This is no ordinary lime. You can see makruts’ resemblance to conventional limes in their emerald rinds and segments of pulpy, bright green flesh. Nevertheless, when a recipe calls for makrut lime, there’s just no substitute.
At FruitStand, we look forward to sending you a beautiful package of these extraordinary fruits from our small specialty farms partners. Keep reading to learn all about makrut lime.
Makrut limes have a unique flavor among citrus fruits. They have a sour, citrus freshness you may come to expect from a type of lime - only much more intense and concentrated. These hard to find limes have an astringent flavor that’s very sour and aromatic. Some fans of makrut limes describe the flavor as mildly soapy. Their juice has a concentrated bitter flavor, and can’t compare to conventional lime juice. The floral, sour and astringent flavor of the juice is much more complex and tastes best when used with other ingredients.
About the size of a golf ball, makruts have lush, dark green color on their bumpy textured skin. Underneath their skin is a thick, whitish pith that’s inedible. Inside, the makrut lime has more segments than your average lime, but with similarly light green, glimmery fruit inside. Each section of fruit contains whitish, inedible whitish yellow seeds that are hard and bitter tasting.
Makrut limes are versatile fruits that can be prepared easily to use in recipes. Unlike traditional limes, the flavor in the zest, juice and fruit of the makrut lime is very sour and is typically used as a spice. The most popular ways to prepare a makrut lime is by slicing, juicing, zesting and squeezing. They’re relied upon as a staple ingredient around the world including South African, Middle Eastern, Thai, Filipino, and Chinese cuisines.
These special citrus fruits grow natively in southern China and countries across Southeast Asia, and are cultivated throughout the world. The makrut lime tree is considered a dwarf citrus, and grows to be about five feet high. Their leaves, prized in culinary use for their citrusy flavor, are dark, shiny green and have a unique double lobe shape. In parts of North America, the makrut lime tree bears fruit year round.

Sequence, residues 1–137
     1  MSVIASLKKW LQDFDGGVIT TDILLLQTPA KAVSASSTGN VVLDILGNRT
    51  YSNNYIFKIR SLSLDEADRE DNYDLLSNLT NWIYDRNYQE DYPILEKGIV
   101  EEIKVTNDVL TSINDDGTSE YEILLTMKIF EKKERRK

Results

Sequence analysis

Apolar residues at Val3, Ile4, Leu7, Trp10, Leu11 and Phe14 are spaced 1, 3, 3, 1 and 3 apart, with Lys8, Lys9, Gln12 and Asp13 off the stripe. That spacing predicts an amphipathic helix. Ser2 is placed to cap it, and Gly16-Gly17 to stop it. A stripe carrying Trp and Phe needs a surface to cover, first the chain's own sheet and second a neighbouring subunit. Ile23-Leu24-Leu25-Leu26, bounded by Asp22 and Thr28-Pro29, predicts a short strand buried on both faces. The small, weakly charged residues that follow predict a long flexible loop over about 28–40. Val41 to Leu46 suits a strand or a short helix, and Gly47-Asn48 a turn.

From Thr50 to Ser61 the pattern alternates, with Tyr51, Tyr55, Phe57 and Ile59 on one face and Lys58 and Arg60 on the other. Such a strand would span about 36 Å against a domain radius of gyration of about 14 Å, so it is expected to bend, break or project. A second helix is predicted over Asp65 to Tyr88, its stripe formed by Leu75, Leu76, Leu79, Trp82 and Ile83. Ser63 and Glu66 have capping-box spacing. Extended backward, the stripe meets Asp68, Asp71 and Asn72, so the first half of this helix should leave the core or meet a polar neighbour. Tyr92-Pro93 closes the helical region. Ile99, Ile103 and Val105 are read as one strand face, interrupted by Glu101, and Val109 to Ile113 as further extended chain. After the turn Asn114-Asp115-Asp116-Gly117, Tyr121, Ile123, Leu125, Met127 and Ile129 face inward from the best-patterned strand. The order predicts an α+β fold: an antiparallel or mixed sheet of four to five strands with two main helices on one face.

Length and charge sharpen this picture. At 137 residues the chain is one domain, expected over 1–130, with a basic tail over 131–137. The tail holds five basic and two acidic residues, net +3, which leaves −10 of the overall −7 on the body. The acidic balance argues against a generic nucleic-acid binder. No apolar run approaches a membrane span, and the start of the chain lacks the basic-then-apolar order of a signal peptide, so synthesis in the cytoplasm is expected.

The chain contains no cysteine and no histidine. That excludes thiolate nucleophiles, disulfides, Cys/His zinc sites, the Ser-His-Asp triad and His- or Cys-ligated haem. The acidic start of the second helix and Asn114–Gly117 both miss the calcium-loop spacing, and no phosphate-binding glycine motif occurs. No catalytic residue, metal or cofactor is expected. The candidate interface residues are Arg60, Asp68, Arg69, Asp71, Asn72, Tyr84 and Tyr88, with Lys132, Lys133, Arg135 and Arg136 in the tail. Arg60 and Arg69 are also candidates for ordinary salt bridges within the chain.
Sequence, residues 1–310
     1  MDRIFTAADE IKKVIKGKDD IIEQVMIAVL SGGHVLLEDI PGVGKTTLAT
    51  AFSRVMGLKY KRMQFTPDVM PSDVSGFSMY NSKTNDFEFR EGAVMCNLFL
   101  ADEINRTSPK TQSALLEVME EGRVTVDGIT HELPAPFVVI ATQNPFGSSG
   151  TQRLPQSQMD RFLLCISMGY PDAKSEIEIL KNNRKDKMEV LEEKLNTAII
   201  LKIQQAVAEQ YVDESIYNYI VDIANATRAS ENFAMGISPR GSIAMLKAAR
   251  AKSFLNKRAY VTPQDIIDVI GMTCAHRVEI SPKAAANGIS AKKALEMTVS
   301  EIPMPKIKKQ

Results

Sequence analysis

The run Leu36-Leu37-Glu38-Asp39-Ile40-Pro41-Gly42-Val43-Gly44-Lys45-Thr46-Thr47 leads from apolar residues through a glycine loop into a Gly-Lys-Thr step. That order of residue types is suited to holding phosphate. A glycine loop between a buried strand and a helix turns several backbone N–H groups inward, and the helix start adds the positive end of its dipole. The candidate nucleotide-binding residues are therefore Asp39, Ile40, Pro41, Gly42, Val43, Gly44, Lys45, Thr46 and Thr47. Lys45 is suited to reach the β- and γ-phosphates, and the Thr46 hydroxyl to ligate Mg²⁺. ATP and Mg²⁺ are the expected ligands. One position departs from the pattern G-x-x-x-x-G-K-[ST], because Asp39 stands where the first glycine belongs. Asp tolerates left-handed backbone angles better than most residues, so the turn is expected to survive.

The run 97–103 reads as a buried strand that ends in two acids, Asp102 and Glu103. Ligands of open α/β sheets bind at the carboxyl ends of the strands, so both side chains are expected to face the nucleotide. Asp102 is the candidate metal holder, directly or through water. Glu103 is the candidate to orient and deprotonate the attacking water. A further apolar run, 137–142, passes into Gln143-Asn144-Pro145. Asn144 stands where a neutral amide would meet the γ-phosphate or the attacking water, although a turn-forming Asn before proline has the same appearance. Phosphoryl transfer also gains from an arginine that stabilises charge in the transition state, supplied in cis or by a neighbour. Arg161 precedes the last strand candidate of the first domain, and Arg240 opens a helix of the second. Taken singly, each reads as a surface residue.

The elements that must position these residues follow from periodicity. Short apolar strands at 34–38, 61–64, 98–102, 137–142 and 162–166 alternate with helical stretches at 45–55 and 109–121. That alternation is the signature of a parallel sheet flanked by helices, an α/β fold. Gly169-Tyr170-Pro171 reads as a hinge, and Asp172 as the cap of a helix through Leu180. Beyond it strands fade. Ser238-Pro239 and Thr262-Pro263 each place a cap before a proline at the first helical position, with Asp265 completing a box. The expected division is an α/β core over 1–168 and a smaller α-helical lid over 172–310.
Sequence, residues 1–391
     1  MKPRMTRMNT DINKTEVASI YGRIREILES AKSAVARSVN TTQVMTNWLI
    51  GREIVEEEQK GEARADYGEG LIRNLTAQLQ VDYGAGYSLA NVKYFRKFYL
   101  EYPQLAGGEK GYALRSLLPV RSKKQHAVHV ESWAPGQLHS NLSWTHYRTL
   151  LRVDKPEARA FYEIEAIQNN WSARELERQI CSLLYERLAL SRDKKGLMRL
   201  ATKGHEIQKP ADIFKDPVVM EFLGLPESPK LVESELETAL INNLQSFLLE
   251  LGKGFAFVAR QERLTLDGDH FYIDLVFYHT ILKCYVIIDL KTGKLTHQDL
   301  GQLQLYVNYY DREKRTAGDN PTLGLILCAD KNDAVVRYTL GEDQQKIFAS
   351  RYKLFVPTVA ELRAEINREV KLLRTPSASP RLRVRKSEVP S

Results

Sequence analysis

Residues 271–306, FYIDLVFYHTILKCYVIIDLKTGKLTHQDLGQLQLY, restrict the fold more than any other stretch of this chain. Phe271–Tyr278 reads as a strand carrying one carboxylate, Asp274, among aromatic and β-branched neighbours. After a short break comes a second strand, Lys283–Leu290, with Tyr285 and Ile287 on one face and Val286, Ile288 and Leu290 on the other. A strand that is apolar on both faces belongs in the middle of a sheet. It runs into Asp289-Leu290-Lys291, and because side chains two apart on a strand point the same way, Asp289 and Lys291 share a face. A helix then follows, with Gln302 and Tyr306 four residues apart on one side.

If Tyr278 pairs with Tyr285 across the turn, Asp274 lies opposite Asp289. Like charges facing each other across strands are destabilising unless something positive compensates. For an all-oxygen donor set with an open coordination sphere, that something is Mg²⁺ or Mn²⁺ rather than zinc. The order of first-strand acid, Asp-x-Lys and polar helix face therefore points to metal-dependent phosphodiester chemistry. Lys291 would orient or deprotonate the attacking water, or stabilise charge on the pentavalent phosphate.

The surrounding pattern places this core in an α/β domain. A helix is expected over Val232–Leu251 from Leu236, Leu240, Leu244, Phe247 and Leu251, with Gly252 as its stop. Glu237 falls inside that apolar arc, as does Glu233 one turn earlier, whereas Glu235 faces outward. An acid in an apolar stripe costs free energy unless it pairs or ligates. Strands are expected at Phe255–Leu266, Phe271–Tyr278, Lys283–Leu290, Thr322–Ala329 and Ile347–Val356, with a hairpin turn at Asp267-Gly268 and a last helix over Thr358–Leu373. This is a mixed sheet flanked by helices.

Once known as “kaffir” limes, this moniker has evolved to their Thai name, “makrut” limes. The word “kaffir” has offensive origins, particularly within South African and Middle Eastern cultures. Thus, fans of the fruit along with the farming and culinary communities prefer the name from where makrut limes grow natively in Thailand.
Makrut lime trees are native to southern China and countries across Southeast Asia. The tree from which these brainy little limes grow is cultivated throughout the world. In parts of North America, the makrut lime tree bears fruit year round.
The makrut lime tree is considered a dwarf citrus, and grows to be about five feet high. Their leaves, prized in culinary use for their citrusy flavor, are dark, shiny green and have a unique double lobe shape.
Autumn is the peak time to find makrut limes. They tend to grow vigorously and can be cultivated year round.
Whether a makrut lime is certified organic or not will depend on the farm where it was grown. At FruitStand, we only partner with the best specialty farms for exceptional quality of produce. When each harvest is available, we'll tell you whether the fruit is considered organic or conventional.
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